Investigator Finds 3/4 of Cooling Assistance Applicants Unqualified


By Carol Vaughn —

A fraud investigator at Accomack County Department of Social Services is saving thousands of taxpayer dollars.
Of more than 37 applications for air conditioning units people made this year in the cooling assistance program, 28 were denied, saving the department more than $12,200, according to Frances Bailey, Accomack County Department of Social Services fraud investigator.
“Knowing that COVID is present and has affected those financially, I wish everyone could be approved for an AC unit. However the guidelines for AC unit disbursement aren’t up to me as the investigator. That is government policy,” Bailey said in an email, adding, “My job is to verify that the client is in fact eligible, which is fair.”
The number of “false applications” this year is the highest Bailey has seen since she started working for the Department of Social Services.
“I believe it may have a lot to do with the financial strain of COVID,” she said.
Those who submitted applications fraudulently were not referred for prosecution, she said.
“Some say they didn’t understand the application clearly and others already had working AC units but figured they could get another one,” Bailey said.
Because the investigations were done before air conditioning units or vouchers were given out, clients did not have to pay anything back to the department.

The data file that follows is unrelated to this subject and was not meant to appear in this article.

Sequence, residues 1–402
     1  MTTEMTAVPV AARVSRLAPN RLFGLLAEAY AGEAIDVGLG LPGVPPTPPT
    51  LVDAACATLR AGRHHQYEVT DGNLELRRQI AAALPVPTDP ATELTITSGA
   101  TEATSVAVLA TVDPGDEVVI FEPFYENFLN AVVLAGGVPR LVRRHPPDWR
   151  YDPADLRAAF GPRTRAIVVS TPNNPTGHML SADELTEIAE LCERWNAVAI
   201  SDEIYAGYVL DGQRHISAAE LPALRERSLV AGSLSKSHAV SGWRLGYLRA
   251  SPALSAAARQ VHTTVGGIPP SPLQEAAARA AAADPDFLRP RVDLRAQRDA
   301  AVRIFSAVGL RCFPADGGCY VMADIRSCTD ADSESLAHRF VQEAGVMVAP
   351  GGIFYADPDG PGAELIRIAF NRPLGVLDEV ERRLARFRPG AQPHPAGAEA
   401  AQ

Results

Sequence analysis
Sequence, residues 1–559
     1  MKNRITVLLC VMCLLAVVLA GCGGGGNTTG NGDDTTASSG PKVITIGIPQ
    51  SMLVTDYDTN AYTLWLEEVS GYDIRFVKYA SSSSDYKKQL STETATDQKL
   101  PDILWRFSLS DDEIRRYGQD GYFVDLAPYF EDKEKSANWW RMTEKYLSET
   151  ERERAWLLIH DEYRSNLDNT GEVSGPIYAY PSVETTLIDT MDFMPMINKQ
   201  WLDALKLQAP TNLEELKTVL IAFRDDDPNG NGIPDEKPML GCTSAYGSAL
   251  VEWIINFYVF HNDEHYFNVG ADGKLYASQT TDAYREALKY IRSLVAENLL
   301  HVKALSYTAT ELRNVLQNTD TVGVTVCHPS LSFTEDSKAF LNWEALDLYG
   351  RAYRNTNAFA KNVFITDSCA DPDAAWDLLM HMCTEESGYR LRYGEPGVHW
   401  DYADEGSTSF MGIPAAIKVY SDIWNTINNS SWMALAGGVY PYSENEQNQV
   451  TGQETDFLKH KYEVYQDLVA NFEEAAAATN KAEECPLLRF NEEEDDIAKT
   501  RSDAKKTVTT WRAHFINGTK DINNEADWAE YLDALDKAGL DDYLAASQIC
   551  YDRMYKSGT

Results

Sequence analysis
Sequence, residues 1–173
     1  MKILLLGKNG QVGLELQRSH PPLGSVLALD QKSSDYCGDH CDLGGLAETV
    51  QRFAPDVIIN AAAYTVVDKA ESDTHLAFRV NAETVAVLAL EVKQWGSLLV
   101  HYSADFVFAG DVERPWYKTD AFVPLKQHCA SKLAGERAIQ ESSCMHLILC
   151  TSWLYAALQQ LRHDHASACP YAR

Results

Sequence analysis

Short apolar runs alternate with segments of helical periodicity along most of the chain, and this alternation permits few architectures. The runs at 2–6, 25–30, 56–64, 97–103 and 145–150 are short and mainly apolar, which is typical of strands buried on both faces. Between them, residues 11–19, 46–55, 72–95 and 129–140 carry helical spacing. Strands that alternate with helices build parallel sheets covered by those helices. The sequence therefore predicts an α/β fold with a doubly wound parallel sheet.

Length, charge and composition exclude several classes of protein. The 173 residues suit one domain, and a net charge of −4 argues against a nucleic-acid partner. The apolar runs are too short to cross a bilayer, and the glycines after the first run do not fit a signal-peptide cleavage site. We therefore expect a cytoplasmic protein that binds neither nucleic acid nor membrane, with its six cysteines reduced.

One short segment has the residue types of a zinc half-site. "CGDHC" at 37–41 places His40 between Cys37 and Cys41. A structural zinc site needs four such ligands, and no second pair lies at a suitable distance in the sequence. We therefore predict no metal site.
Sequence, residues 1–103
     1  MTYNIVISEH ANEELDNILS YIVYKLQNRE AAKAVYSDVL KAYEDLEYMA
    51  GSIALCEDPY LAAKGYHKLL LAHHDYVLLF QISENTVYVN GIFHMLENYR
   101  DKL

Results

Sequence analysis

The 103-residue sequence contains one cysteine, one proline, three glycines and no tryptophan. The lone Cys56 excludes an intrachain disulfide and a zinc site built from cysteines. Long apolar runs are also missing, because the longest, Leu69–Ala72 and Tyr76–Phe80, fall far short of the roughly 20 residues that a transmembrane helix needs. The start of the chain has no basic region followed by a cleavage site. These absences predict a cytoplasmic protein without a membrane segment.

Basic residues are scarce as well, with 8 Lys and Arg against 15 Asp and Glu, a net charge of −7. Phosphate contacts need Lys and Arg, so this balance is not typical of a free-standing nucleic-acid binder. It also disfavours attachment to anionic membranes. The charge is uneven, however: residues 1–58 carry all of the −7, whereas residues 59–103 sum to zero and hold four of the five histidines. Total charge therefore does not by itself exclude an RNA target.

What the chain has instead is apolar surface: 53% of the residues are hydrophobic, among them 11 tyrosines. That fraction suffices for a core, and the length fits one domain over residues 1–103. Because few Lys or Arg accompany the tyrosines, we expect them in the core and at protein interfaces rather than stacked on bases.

Bailey’s work investigating for fraud in the department’s cooling assistance program has saved more than $27,000 over the last three summers.
“I try to be proactive instead of reactive. This possibly saves the client from being referred for prosecution,” she said.
Bailey also helped the department recover nearly $101,200 in total between June 1, 2018 and May 31, 2019, according to a state report.
That amount included about $14,655 in money intercepted from tax refunds.
When clients stop voluntarily paying back any TANF or SNAP benefits they were ineligible to receive, they are entered into a database and their federal and state tax refunds are intercepted to pay the money back to the agency.
“I enter in over 1,000-plus people in November to December every year,” Bailey said.
The current year’s report has not yet been issued by the state, but according to the database, around $15,300 has been intercepted so far in 2020.

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